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Expansion of universe measurement may be in crisis

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#1 CounterWeight

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Posted 02 August 2019 - 11:29 AM

Good article here for those interested, does not seem sensationalist.  had a friend years ago working on the gravitational lensing part for his masters or PhD, can't remember and have not seen or heard after they moved to another country.  To me interesting stuff.  LINK


 

#2 EJN

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Posted 02 August 2019 - 11:39 AM

Did you not see the other 2 threads here about this?

 

https://www.cloudyni...f-the-universe/

 

https://www.cloudyni...ho-controversy/


Edited by EJN, 02 August 2019 - 11:45 AM.

 

#3 sg6

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Posted 02 August 2019 - 11:49 AM

My only comment is that the Hubble Constant appears to be anything other then constant.

Everytime someone measures it it comes out different. And I have said other times no one is going to measure it and say "After 5 years of research and measurement to previous guy got it right. We have added nothing." In effect they have to get a different answer.


 

#4 EJN

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Posted 02 August 2019 - 11:51 AM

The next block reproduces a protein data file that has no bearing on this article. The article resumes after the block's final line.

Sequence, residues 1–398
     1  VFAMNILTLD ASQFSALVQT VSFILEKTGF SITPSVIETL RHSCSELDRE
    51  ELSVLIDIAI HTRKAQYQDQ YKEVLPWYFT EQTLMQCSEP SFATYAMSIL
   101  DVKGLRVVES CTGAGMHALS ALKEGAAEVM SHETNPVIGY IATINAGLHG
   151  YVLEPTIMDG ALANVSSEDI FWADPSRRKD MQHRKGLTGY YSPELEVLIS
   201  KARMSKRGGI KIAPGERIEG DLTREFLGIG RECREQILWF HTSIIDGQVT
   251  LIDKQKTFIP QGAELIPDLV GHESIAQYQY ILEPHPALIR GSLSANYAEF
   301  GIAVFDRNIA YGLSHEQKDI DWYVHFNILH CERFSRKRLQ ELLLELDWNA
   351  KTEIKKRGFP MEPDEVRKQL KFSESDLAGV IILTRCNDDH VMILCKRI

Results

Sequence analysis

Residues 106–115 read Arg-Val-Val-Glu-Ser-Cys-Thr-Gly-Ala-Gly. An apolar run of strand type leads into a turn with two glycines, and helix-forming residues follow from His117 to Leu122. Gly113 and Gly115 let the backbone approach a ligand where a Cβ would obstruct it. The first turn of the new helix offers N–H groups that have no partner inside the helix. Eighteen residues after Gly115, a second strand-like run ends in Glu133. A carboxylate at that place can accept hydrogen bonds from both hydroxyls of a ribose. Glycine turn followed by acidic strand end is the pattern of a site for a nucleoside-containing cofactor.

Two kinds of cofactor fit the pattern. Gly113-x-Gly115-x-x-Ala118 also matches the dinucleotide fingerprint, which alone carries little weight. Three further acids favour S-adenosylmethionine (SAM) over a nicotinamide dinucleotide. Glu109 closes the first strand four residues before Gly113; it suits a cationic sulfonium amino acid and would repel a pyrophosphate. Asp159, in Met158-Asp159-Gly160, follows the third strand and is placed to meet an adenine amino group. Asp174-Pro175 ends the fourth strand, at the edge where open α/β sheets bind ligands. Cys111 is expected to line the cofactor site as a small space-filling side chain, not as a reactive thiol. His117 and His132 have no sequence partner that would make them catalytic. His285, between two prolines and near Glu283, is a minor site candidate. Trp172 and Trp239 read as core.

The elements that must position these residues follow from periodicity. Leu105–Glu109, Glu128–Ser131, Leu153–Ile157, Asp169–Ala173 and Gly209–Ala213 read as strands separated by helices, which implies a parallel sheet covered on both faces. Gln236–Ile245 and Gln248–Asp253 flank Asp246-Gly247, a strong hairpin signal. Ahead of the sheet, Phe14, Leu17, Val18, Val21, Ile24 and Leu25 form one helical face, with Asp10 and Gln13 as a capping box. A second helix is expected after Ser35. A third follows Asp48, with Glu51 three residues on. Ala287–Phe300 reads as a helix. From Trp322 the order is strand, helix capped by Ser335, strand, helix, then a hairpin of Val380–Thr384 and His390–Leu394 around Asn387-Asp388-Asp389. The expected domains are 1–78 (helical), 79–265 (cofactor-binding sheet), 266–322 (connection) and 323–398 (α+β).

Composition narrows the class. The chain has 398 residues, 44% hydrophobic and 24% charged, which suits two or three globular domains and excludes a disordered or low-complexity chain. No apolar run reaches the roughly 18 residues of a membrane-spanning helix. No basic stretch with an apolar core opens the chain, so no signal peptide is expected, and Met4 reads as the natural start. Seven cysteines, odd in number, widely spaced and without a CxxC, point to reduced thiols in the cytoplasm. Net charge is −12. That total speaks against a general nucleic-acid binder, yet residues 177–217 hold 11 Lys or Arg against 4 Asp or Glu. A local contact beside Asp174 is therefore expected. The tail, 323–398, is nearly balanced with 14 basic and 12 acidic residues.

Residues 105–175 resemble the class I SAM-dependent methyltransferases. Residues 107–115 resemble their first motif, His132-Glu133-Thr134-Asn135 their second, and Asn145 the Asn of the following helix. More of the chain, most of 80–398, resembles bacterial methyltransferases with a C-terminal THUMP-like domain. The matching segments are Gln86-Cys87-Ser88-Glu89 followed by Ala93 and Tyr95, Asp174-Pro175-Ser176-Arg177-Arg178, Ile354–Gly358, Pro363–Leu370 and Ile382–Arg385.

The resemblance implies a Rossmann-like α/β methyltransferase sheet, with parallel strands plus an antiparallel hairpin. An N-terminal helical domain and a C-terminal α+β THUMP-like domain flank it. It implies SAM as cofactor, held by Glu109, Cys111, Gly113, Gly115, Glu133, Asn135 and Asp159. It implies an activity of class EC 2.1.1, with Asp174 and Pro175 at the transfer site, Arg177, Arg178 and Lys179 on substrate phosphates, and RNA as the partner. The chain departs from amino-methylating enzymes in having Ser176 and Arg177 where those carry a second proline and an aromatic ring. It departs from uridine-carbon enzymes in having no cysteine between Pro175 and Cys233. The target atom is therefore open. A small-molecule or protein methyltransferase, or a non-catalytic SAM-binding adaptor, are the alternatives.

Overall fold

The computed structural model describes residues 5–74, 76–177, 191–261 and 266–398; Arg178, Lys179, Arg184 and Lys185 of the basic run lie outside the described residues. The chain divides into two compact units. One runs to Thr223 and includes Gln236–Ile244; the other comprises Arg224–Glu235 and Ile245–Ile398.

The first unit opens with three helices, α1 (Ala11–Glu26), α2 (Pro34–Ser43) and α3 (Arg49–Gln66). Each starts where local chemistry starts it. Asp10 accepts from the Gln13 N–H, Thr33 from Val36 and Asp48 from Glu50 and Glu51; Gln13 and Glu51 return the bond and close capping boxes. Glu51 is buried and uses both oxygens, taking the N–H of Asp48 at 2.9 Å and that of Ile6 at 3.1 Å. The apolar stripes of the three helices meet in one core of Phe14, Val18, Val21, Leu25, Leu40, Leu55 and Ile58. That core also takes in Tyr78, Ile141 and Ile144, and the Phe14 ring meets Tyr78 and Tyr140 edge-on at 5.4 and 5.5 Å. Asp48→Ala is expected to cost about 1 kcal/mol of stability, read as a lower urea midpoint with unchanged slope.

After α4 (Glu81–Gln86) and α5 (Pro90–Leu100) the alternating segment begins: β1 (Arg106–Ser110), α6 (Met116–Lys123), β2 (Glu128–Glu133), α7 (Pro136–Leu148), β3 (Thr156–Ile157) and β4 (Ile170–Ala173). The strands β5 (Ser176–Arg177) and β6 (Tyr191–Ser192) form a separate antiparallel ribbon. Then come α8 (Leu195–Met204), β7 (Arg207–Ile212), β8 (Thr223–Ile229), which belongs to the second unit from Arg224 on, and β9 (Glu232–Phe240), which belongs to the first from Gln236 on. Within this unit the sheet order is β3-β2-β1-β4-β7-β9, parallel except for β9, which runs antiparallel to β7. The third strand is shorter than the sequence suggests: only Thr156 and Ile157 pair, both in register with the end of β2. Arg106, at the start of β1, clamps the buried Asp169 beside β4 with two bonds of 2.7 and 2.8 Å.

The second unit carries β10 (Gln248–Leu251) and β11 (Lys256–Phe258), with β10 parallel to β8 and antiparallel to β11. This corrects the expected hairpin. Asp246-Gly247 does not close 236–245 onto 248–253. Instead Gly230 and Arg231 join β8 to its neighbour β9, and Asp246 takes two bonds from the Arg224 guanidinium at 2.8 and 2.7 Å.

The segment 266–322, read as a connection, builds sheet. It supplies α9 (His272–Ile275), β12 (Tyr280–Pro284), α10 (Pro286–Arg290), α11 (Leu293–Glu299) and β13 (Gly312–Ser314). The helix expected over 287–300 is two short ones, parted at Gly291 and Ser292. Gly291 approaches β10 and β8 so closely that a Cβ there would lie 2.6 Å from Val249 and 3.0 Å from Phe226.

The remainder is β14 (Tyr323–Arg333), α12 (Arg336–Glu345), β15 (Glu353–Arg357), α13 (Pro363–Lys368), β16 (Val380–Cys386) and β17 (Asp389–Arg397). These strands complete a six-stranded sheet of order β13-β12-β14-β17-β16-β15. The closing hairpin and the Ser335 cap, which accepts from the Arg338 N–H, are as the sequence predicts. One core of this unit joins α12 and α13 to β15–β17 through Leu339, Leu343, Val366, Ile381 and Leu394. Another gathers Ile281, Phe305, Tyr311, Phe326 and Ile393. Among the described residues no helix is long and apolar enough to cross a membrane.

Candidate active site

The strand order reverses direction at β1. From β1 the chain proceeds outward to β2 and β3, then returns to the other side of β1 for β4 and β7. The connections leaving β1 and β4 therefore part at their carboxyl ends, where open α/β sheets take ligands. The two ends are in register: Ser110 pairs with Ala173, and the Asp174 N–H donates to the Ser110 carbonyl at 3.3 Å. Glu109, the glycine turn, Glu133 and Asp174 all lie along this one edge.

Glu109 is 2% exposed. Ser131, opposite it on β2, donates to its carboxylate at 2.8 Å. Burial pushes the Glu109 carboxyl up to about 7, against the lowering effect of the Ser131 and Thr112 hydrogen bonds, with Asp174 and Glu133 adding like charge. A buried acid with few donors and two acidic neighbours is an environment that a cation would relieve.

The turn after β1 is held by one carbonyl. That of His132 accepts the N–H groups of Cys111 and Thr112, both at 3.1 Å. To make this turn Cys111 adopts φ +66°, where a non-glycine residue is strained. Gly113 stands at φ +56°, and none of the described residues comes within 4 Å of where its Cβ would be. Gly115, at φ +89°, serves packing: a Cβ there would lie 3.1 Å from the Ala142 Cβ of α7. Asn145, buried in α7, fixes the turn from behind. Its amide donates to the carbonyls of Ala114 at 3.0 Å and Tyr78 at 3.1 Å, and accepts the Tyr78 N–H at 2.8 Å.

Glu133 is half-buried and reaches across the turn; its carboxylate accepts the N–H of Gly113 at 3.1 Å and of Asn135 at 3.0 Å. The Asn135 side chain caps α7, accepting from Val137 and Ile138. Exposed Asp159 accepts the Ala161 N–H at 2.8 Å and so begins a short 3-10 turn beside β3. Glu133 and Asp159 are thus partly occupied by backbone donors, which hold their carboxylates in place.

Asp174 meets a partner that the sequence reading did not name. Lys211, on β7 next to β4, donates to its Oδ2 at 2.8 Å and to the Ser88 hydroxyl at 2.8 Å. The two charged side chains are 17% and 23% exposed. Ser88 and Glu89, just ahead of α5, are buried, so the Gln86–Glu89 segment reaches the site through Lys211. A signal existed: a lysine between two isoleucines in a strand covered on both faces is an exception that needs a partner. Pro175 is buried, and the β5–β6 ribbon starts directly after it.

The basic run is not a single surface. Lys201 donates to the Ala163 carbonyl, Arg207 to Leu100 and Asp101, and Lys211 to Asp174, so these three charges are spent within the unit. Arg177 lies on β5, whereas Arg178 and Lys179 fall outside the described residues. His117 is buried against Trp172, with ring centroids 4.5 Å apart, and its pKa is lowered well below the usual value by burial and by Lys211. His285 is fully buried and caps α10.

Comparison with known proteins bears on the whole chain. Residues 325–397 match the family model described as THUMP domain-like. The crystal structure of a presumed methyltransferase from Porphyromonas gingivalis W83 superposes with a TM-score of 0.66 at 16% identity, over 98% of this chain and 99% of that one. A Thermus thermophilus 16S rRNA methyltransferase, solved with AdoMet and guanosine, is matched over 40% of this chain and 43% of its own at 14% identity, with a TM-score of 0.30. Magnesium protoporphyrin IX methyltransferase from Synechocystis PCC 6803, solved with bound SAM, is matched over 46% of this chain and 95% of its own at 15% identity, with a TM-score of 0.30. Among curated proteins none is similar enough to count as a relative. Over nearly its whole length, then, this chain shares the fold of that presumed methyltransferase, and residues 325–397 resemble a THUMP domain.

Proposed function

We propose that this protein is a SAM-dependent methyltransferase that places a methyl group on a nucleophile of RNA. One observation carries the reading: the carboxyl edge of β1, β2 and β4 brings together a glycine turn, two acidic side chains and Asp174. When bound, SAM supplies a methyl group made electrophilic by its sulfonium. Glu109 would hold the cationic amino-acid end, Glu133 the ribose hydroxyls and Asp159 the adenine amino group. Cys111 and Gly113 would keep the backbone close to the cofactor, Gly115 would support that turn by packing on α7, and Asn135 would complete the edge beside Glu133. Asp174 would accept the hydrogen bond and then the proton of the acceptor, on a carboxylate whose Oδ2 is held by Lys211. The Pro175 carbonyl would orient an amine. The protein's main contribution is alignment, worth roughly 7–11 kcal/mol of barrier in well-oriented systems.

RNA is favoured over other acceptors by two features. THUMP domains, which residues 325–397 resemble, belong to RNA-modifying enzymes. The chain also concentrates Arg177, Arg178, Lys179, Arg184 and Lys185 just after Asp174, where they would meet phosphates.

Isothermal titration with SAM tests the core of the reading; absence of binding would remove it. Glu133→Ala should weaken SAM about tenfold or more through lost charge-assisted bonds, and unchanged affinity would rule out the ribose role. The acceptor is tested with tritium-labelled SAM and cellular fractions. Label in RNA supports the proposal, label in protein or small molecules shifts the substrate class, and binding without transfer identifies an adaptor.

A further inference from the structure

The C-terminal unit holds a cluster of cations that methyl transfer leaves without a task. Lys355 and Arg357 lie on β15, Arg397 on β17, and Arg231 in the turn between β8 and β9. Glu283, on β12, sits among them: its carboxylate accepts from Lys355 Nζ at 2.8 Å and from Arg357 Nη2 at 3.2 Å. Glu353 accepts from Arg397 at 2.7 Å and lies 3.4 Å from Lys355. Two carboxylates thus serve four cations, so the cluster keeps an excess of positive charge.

It's interesting to look at this compilation of measured values of Hubble's constant

posted by the late John Huchra of Harvard-Smithsonian Center for Astrophysics.

If you take the list of values published 1996 and later, and average them, you

get 68 (km/sec)/mpc, which just shows that if enough people measure something you

will eventually converge on a reasonably correct value. The list stops in 2010 because

of his death.

 

Look at some of the earlier measurements, the values are much higher than modern values.

 

In the 70's & 80's, Allan Sandage was consistently getting values around 50, while

Gerard deVaucouleurs was consistently getting values around 100. The

disagreements over these values became known as "The Hubble Wars."

 

Raw data here: https://www.cfa.harv...hubble.plot.dat

 

h1920.jpg

 

ho.2004.jpg

 

hubble.key.summary.jpg

 

 


 

#5 TOMDEY

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Posted 02 August 2019 - 12:16 PM

Well, Hubble most certainly discovered/quantified the ~locally/nearly homogeneous and isotropic expansion~, which captures the lion's share of the evidence attesting to Universal Expansion. Now that we are able to reach farther out into space, farther back into history, and with more finesse... should come as no great surprise that we seem to be finding evidence that there may be higher-order terms that best-fit the curve.    Tom


 

#6 GShaffer

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Posted 02 August 2019 - 01:19 PM

Closing this as there is already a 2 page discussion in progress that can be found here


 


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